that. Common stock of 25,000, right? And ending retained earnings of $8,000, okay? Ending retained earnings of $8,000. Now that was for February, right? So the beginning balance for March of retained
earnings is $8,000.

We add our net income of 48,000 and we get
an ending balance of retained earnings of 56,000, okay? So our retained earnings are 56,000, all right? Oh, what did we forget to put up there? Accounts payable. What are accounts payable? Well, we'd go up to item C it said purchases
indicate that 89,000 in merchandise would be purchased on account in March and it'll
be all payable the next month. So we have a liability of 89,000; is that
correct? Okay, we need to do some totaling up here
but any questions on where we get the numbers that are showing? Okay, now we're going to add these two numbers
to get our total assets of $206,000.

Our total liabilities are the sum of these
three and that is 125,000. Our total equity is the sum of those two. That is 81,000. If we add these two amounts we get 206,000
and that's our total liabilities in equity. So I think we have everything, don't we? Okay. That's a little bit more of a difficult one. You got to kind of just create the balance
sheet as they give you these items, and you have to do these supporting calculations. Now she's supporting calculations over here,
those would not be on the balance sheet. This might be a footnote to it or something
to it. The balance sheet is this part right here,
the budgeted balance sheet it is, okay? Correct? All right, any questions on that, guys? All right, we have one more, okay? Let's take a look at it.

Exercise 2218. This one I think was a little bit easier. Okay, this one right here. Fortune, Inc is preparing its master budget
for the first quarter. The company sells a single product at a price
of $25 per unit. Sales in unit are forecasted at 45,000 for
January, 55,000 for February and 50,000 for March. Cost of goods sold is $14 per unit. Other expense information for the first quarter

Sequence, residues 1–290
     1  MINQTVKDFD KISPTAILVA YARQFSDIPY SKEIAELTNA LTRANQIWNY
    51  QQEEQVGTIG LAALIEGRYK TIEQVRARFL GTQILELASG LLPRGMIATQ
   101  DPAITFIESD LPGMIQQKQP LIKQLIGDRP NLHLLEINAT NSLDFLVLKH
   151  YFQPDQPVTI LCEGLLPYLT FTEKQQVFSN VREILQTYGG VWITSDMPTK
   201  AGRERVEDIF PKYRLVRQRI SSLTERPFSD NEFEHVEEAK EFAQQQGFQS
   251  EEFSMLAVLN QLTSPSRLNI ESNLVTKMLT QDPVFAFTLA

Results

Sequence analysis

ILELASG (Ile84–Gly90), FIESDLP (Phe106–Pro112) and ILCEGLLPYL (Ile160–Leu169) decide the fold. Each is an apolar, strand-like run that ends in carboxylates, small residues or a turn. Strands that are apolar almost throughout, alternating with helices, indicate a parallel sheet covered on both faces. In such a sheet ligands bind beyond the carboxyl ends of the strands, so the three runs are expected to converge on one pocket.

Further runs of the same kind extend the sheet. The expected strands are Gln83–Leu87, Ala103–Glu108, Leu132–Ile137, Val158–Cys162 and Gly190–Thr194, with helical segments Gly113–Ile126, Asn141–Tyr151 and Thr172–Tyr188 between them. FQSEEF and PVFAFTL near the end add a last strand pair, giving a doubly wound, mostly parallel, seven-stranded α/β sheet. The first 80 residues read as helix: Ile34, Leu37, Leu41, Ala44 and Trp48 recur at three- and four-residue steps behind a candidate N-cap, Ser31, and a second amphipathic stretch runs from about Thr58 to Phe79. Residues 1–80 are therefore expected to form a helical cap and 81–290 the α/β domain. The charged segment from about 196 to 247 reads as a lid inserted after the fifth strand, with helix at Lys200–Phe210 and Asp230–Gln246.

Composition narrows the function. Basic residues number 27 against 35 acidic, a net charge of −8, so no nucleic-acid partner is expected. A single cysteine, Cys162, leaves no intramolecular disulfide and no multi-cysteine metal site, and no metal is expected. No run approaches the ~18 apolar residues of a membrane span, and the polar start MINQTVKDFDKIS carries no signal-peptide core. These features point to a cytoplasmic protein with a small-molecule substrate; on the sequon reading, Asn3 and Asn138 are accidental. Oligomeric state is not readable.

follows. Prepare a budgeted income statement. Now what period are we doing it for? For the first quarter, which is January, February
and March, right? And then they give us this information right
here. Commission is 8% of sales. Rent is 14,000 per month. Advertising is 15% of sales. Office salaries are 75,000 per month. Depreciation is 40,000 per month. Interest is 15% annually on a 250,000 note
payable, and the tax rate is 30%, okay? All right, well, we have to do some supporting
calculations first.

And let's take a look at those. The first thing we need to do is figure out
what our sales dollars is going to be. Okay, so sales dollars, the unit sales for
those three months are as shown, right? So that's 150,000 units for the first quarter. The unit sales price is $25 so our sales dollars
will be 3.75 million, okay? All right, we have to do a similar analysis
for cost of goods sold. We had the same number of unit sales, the
150,000, by taking each month's unit sales.

What did they say the unit cost was per item? 14 bucks? So the cost of goods sold in dollars is $2.1
billion, okay? So, let's take a look then, now that we know
those numbers, let's take a look at the complete answer, all right? All right, zoom out a little bit. We'll just go through these items, okay? All right, well sales and cost of goods sold
we derived just a few seconds ago, right? Via those calculations. That gives us gross profit of 1.65 million,
okay? Now let's take a look at our operating expenses. Well our commissions expense are 8% of sales,
okay? They give us that. So 8% of 3.75 million is 300,000, all right? Rent expense they say is 14,000 per month. There's 3 months in this quarter, so 3 times
14,000 is 42,000, okay? Advertising expense is 15% of sales. So 15% times 3.75 million is 562,500, okay? What about office salaries expense? Well they tell us it's at 75,000 per month.

We have 3 months so it's $225,000, okay? Depreciation expense they tell us is 40,000
per month, right? We have 3 months, so it's 120,000 for the
quarter. Interest expense, okay, well what do they
tell us about that? It's 15% annually on a 250,000 note payable. So you take the 15% times the 250,000 times
onefourth or threetwelfths. That's how much they'll pay in that quarter,
the 9375. The total of those operating expenses is 1,258,875. And then we get net income before taxes of
391,125, right? They tell us the income tax rate is 30%. So what is 30% of that number? It is 117,338, you might needed to round there,
that's fine.

Our net income before tax minus our income
tax expense gives us a net income, bottomline of 273,787, okay? All right. Once again, a little bit more difficult one